by Carole Verona
Singer/songwriter, photographer, civic artist, writer. These are just a few of the nouns that describe Emily “Birdie” Busch. But look at this 36-year-old’s resume, and you’ll find that she also is or has been a waitress, teacher, workshop leader, organizer and archivist, tea and herbal guide and more!
In a recent interview at Mt. Airy’s Malelani Café, Birdie helped put everything into perspective, starting with her name. Her given name is Emily, but she adopted the nickname Birdie for her musical persona to distinguish herself from a good friend who was also named Emily.
Birdie recently updated her website to showcase all of the different aspects of her life and work. “I want people to know I’m doing more than just sitting around writing songs, although that’s a huge part of my life force,” she explained.
Born and raised in Collingswood, NJ, Birdie moved to Philadelphia 15 years ago and purchased a house in Germantown two years ago with Todd Erk, her partner for 10 years. Todd plays bass with the local band Hoots and Hellmouth, and he also co-produced Birdie’s last album with Jaron Olevsky, the husband of one of Birdie’s best friends. Birdie remembers recording a song 15 years ago above Gaffney Fabrics on Germantown Avenue. “Now I live one block from there,” she said. “I really love this city and have made it my home. So another huge part of what I do is try to collaborate with people in all different realms to make the city a more interesting and better place.”
Even as a child, Birdie loved writing and storytelling. “I believe that stories are the essence of humanity over time,” she explained. She received a B.A. degree in 2001 from the University of Miami. As a student, she knew she wanted to write music, so she loaded her curriculum with courses in English, creative writing, anthropology and music history. “I was always a huge music appreciator, but when I went to shows or listened to music, I got the feeling that enjoying it wasn’t enough. I wanted to join the tribe and put music from my own brain into the world.”
When she moved to Philly, Birdie began taking guitar lessons and going to open mic nights at least once a week. “Then I fell in with a group of friends who all played music. I solidified my friendships over time with people who have played and recorded music with me until now.”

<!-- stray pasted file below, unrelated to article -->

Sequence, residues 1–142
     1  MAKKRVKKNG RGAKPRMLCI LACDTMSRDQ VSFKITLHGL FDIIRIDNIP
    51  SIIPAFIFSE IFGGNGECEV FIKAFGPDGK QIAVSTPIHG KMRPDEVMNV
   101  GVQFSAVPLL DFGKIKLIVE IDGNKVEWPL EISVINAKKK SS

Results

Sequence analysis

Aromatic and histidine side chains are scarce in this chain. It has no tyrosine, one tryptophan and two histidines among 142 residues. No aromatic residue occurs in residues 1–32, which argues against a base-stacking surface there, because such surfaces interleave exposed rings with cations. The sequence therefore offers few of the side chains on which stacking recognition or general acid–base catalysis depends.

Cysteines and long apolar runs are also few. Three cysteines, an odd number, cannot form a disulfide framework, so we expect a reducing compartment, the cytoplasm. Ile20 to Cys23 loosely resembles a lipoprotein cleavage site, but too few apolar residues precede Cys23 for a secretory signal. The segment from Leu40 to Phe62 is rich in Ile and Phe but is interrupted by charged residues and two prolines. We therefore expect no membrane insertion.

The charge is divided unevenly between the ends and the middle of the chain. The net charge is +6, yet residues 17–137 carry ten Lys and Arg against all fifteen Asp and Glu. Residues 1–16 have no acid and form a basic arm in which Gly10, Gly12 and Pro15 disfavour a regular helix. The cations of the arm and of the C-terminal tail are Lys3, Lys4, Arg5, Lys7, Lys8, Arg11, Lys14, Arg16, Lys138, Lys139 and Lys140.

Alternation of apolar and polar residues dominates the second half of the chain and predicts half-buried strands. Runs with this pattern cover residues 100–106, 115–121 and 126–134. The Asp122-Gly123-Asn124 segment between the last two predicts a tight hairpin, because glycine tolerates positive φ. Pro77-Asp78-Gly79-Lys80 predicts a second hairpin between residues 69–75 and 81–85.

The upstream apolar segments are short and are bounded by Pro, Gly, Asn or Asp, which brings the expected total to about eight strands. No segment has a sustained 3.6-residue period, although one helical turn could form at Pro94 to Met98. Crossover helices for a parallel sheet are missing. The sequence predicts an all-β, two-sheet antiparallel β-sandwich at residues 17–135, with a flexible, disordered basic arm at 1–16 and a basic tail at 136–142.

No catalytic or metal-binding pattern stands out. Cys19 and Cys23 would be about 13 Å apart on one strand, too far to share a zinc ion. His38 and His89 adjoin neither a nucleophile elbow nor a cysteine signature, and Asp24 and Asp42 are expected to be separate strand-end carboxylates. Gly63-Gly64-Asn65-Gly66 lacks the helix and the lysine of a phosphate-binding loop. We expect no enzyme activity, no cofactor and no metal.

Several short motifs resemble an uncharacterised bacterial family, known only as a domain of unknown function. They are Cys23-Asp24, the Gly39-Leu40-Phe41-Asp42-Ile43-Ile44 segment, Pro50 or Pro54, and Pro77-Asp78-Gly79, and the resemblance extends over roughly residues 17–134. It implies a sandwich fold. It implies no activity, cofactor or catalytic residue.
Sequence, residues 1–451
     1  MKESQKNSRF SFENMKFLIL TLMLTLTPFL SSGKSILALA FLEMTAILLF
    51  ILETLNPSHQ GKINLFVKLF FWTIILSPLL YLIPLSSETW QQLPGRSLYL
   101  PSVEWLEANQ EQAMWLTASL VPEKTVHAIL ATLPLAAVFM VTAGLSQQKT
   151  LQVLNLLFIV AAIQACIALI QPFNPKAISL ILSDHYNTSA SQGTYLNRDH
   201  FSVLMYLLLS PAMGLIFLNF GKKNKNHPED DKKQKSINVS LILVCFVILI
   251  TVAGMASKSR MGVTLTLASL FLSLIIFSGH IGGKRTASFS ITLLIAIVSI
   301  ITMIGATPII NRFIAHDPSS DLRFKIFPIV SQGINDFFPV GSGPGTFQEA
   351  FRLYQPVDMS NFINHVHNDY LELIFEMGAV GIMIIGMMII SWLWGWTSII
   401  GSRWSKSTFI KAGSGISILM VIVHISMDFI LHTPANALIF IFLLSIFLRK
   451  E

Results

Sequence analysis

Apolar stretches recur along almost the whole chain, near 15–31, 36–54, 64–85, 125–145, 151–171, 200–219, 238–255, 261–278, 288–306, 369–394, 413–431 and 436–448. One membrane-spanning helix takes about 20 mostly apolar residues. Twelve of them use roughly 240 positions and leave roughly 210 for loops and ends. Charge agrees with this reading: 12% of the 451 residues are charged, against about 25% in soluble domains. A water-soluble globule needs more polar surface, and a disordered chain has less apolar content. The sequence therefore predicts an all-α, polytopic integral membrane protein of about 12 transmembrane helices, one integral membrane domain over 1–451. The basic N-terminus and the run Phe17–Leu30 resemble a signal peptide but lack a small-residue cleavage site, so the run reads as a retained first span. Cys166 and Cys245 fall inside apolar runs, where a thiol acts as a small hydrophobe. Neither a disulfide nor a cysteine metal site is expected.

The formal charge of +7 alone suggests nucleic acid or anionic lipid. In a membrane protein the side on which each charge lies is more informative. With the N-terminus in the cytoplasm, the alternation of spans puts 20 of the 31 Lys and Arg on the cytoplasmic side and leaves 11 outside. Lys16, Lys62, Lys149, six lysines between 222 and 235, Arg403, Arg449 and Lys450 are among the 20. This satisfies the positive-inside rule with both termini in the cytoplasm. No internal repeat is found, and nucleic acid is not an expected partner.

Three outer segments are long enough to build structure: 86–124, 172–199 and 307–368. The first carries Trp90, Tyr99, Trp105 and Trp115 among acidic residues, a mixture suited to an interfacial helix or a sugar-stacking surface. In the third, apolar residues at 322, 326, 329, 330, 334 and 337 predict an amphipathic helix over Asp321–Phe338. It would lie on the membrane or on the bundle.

As she approached her 30s, Birdie took on what she calls a “civic approach,” combining her music with civic activities. “In current times, the way the arts and music have gone, there’s so much more computer grind, spending time on the computer trying to make things happen — shows, recordings, getting people to respond. It can feel alienating. I’m someone who has always felt the need to participate.” Moving to Germantown helped her figure out a way to bring it all together.
Birdie has become an active member of the community. “People joke that I’m the unofficial mayor of Germantown. I like being involved, even in the wacky, frustrating neighborhood meetings. You realize the ‘crucial-ness’ of it, and you realize that if you participate, you are responsible for seeing really good things happen as opposed to seeing it go in the opposite direction.”
When Birdie was raising money to cover basic production costs for her current record, she did it in tandem with a fundraising project for the John B. Kelly elementary school on Pulaski Avenue in Germantown. Anyone who made a pledge to support the recording was also making a pledge to support Kelly Green, the construction of a new playground and green space to be used by the students and community.
Radio station WXPN once said, “Birdie Busch’s music hardly fits into a specific category or genre. Her atmospheric folk has strains of country-blues and rockabilly. She sings about magic, luck, the universe and the human heart speeding off on dangerous missions.”
Birdie’s new record, her fifth, will be released in the spring. She recorded it in honor of a friend, Alison Dilworth, a Germantown artist and new mother. “Thunder Bridge,” the title of the record, was inspired by a line from a Sun Ra poem. “It’s a reference to how we travel through time with all the kindred people in our lives. If you’re lucky, you realize that through these friendships and maintaining them you have a very meaningful life.”
Birdie and Todd live with two 13-year-old rescue cats and a dog Todd rescued a few months ago from Fernhill Park in Germantown. Emily and Todd even named their home music studio Sparkle B in honor of the rescued dog, Morty Sparkle Bones.